I am firmly convinced that the jury which tried Henri Young for murder of another inmate in the Alcatraz Penitentiary has been misled about conditions at the prison. It has been impressed by tactics which sought to free Young through disparaging and attacking a public institution performing humanely and intelligently a most difficult task of protecting the public from hardened and unregenerate criminals. Young has been described by former United States Attorney Simpson and Federal Judge Stanley Webster of Spokane, Washington, as "the worst and most dangerous criminal with whom they ever dealt" and as "one who would not hesitate to kill anybody who crossed his path." He has been permitted to go virtually unpunished on the basis of inferences and innuendoes made by inmates whose criminal records and life histories show them to be wholly unreliable and who were able to commit deliberate perjury with impunity since they could not be reached by any effective legal process. From such information as I have about the trial, it is apparent that the Jury had before it no first-hand information or reliable evidence as to the policies or methods followed in the management of the most difficult and desperate group of prisoners ever assembled.
Alcatraz is now and always has been open to inspection and investigation by any qualified or properly commissioned person or groups. It has been inspected by Judges, Congressmen, penologists and qualified private citizens and has been approved as a modern and intelligent method of protecting the public from those desperate criminals who have proved themselves to be wholly intractable.
The institution, for instance, was recently inspected by experts of the Osborne Association of New York, a private philanthropic organization devoted primarily to the investigation of prisons, and was pronounced by them as well managed and operated and as using no improper system of discipline. Members of the Appropriations Committee of Congress in the course of their examination of our estimates also recently inspected the institution and made no criticism of its methods or operations.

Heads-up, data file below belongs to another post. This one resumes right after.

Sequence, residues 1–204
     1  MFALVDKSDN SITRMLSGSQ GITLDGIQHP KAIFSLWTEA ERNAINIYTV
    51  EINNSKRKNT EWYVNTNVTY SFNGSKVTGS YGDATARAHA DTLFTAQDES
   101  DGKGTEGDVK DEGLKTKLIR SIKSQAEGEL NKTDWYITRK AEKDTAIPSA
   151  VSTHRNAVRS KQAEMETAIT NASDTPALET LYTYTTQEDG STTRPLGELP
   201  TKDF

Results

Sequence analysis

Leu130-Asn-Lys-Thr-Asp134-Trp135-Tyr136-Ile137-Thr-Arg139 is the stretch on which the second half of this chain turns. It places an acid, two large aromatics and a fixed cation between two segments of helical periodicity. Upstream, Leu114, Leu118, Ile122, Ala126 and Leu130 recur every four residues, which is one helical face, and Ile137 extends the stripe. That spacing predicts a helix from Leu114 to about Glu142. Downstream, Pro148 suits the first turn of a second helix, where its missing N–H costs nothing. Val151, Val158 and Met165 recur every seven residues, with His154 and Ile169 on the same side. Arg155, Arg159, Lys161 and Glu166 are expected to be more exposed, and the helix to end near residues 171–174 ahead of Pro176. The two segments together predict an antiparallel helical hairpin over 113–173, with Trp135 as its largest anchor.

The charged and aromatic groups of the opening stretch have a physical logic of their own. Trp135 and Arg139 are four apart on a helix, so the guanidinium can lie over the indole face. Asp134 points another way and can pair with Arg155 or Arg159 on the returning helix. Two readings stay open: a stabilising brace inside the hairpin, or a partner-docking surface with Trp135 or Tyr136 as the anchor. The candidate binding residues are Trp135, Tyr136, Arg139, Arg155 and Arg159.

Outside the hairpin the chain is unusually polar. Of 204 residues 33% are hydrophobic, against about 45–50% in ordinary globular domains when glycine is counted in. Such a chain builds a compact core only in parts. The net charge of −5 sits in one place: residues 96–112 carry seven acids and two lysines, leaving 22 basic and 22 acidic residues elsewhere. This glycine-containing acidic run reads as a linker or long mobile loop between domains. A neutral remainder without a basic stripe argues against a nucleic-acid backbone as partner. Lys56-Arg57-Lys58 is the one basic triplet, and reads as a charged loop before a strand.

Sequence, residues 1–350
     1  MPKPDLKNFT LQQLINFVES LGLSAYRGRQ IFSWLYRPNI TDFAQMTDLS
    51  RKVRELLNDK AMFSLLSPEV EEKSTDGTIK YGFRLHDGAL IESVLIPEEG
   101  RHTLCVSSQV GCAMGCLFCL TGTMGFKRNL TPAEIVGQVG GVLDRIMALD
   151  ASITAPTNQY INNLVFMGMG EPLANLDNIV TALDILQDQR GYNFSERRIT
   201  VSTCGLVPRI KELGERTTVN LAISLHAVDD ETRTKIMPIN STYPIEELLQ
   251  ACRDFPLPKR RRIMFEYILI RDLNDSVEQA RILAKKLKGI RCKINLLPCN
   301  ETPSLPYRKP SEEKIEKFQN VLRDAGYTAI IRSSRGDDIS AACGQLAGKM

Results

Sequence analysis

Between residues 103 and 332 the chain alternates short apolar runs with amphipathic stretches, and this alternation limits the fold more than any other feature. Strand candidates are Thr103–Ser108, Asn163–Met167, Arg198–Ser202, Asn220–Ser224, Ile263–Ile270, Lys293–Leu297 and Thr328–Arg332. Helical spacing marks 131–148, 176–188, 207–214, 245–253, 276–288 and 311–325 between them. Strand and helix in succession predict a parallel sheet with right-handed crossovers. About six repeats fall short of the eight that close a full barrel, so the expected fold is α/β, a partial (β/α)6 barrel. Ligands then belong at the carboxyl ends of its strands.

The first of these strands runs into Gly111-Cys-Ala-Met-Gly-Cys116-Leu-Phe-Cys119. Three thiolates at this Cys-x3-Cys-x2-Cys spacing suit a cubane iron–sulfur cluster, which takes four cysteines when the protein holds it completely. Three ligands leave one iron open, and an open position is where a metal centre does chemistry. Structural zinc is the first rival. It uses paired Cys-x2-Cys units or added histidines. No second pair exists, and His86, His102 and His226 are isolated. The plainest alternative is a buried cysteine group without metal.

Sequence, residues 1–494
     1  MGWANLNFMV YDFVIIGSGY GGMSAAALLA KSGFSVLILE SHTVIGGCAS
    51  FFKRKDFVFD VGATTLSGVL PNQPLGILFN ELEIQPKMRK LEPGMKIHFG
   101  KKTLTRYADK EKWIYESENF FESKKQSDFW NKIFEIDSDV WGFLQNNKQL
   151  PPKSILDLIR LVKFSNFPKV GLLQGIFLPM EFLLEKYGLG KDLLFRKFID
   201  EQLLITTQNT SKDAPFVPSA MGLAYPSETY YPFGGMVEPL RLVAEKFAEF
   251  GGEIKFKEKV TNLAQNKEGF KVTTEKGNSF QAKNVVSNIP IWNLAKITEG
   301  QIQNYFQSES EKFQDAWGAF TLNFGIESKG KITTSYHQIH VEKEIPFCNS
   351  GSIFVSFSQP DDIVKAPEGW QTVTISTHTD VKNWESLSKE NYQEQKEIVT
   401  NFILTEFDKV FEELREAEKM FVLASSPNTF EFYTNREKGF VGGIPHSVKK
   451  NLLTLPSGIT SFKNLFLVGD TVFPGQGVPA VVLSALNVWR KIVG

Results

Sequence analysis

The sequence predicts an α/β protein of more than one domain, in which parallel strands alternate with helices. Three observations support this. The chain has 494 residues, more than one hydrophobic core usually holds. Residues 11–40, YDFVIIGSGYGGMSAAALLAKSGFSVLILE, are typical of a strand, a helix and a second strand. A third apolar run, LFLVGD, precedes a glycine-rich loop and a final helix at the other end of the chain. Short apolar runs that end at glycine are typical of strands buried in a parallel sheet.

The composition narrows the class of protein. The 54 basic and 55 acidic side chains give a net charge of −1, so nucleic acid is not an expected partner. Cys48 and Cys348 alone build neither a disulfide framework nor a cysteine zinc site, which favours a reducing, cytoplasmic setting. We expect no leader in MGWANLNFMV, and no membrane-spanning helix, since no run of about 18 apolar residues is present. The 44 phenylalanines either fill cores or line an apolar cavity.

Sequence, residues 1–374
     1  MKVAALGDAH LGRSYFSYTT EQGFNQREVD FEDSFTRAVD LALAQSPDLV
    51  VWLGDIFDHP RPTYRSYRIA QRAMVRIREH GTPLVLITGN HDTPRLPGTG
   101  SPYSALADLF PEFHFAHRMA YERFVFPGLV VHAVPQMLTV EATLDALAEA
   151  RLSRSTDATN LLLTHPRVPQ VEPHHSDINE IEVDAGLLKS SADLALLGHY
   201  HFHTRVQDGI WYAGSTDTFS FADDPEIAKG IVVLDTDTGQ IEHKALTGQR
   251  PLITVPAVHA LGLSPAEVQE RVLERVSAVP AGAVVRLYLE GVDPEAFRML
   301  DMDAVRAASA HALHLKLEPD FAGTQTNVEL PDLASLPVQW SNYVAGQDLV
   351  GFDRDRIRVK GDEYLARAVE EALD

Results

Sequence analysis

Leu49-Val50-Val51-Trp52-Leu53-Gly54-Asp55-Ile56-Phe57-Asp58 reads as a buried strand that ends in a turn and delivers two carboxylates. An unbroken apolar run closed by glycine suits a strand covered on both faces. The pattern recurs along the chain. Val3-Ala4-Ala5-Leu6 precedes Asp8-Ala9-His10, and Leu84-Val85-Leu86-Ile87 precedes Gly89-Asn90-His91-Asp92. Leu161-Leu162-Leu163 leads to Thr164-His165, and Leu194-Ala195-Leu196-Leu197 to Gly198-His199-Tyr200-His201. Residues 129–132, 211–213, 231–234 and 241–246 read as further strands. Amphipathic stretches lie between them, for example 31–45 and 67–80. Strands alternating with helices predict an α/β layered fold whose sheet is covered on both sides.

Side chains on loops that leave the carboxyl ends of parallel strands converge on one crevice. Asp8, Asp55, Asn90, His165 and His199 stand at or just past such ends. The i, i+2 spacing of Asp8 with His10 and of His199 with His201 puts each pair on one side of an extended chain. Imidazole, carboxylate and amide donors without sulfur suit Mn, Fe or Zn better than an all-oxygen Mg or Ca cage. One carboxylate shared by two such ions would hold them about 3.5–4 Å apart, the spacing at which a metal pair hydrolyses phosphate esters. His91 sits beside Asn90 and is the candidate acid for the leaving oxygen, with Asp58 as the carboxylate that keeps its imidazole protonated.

I have visited Alcatraz frequently as have various members of our staff and know personally most of the inmates, including Young. As a matter of fact, I have on several occasions personally interviewed Young and done everything possible to obtain his cooperation. I have never found or had called to my attention any authentic case of brutality or inhumanity at Alcatraz.
Corporal punishment is prohibited in all the Federal penal institutions including Alcatraz. We stand on our record as the most modern and humane penal system in the world. I have every confidence in Warden Johnston. He is a just, humane, and intelligent prison warden capably performing the most difficult job any warden was ever asked to assume. The entire institutional staff has consistently displayed their courage, patience, and devotion to the public service. They deserve the support of every fair-minded citizen whose homes and safety they have helped to protect.
The statements made by the prisoners so far called to my attention have already been carefully investigated by the Department [of Justice] and found to be wholly unfounded. When, however, a transcript of the testimony has been received, it will be carefully gone over as in every other case, and if any evidence or facts are found showing brutal or inhuman treatment, vigorous corrective measures will be taken.